PROVIDENCE, R.I. (WPRI) — R.I. Education Commissioner Angélica Infante-Green said Tuesday night she would ask lawmakers to fund a program for the blind and visually impaired that is housed at Rhode Island College, after parents and students spoke out about the impending layoffs of all the teachers there.
Infante-Green said she and RIC President Frank Sanchez would be seeking state funding for the Paul V. Sherlock Center on Disabilities.
“We are going to be talking to the legislature about creating a line item for Sherlock,” Infante-Green said. “The last thing we want is for the Sherlock Center not to exist.”
She made the comments at a virtual meeting of the Council on Elementary and Secondary Education, after dozens of parents and some blind students spoke out during the meeting’s public comment period. They slammed RIDE for pulling a federal grant from Sherlock and putting the services for the blind and visually impaired out to bid.
While the topic was not actually on the agenda, RIDE officials came prepared with their lawyer to explain to the council why procurement laws require the program to be competitively bid.
Anthony Cottone, chief legal counsel for RIDE, said because the Perkins School for the Blind in Massachusetts provides services to certain Rhode Island school districts that don’t use Sherlock, RIDE can no longer have a “sole-source” agreement to house the entire Rhode Island Vision Education and Services Program (RIVESP) at Sherlock.
The Education Department put out a request for proposals for what’s called a Master Price Agreement in late March. Qualified bidders who submit by April 20 will be put on a master vendor list for districts to contract with for teachers for the visually impaired (TVIs) and orientation & mobility specialists (O&Ms).
While the Perkins School has said it plans to bid, it seems unlikely Sherlock would be able to do so without additional funds. The RIC program currently receives a $684,000 federal grant through RIDE, which is being pulled to pay for the new multi-service model.
Under the new model, school districts would be reimbursed with that grant for the costs to hire TVIs and O&Ms, either contracting from the master price list or hiring their own staff.
Sherlock therefore sent layoff notices to its 13 TVIs and O&Ms last month, citing their contract’s expiration on June 30.
“How could you?” Sarah Shaffer, a parent whose son Theo is blind, asked at Tuesday night’s meeting. “You are the decision-makers who thought it was okay to take the incredibly successful vision and O&M services for my son and put them out to bid … you are depriving us of our choice to continue the relationship that saved my family’s lives.”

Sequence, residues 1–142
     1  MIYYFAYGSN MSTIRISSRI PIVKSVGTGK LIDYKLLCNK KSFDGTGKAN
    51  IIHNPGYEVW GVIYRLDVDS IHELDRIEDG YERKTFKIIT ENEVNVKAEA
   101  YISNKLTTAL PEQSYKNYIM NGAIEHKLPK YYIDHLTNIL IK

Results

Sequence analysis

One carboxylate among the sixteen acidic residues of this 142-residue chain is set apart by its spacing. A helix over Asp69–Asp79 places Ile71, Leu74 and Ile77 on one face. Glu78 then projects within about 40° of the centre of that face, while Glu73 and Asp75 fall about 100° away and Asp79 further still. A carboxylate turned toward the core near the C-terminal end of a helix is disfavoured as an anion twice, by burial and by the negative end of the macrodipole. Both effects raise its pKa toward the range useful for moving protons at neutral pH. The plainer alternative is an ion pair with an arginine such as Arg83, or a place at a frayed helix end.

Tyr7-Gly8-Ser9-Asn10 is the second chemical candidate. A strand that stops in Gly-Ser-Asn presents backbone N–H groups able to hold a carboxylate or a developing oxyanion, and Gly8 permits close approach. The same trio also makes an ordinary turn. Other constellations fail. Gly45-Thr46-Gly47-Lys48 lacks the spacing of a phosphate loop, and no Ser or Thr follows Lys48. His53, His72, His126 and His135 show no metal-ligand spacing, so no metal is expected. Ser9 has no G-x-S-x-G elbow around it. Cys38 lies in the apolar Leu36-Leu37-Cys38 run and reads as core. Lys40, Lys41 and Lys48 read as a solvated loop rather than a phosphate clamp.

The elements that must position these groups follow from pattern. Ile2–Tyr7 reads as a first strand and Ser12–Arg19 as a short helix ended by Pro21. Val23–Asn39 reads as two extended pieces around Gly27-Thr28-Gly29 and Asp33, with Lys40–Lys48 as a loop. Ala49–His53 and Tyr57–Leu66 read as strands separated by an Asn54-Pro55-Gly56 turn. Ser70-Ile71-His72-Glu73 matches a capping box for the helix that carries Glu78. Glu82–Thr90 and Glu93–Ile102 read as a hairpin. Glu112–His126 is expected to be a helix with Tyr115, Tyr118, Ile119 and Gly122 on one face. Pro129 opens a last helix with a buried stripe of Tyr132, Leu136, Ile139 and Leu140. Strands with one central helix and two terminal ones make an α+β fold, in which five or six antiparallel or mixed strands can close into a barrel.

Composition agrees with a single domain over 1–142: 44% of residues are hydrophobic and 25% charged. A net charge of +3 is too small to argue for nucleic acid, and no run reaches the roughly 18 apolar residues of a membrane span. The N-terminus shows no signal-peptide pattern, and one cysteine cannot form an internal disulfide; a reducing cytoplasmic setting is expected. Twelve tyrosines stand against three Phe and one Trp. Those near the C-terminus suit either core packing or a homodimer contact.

Other parents and students echoed the sentiment that the program at Sherlock has been successful because of the high-quality teachers.
“You are jeopardizing my education and my future for the lure of saving a buck,” said Jackson Troxell, a sophomore at Johnston Senior High School.
A line item in the state budget could potentially solve the problem. The state legislature used to directly fund the RIVESP program, which was set up by law in 2006 and housed at the Sherlock Center. But state funding ceased in 2016.
Infante-Green had previously told 12 News she was open to exploring a budget line item, but Tuesday night’s comments were the first time she said she would actually request the funding from lawmakers.
Spokespeople for both the House and Senate said Wednesday no requests have yet been made.
Gov. Dan McKee, who took office shortly after the layoff notices went out, has not responded to requests for comment on whether he supports a line item for the program.
McKee’s state budget proposal was submitted to lawmakers in March, but the General Assembly makes changes to the document and negotiates the final budget with the governor before passage, typically in June.
Parents have been organizing around the effort since early March, setting up an online petition that has garnered 8,000 signatures and scheduling a rally outside the temporary House chambers at the Vets auditorium next week.
The union that represents the 13 teachers at Sherlock have also filed a lawsuit over the layoffs.
The executive director of the Sherlock Center has not responded to repeated requests for an interview.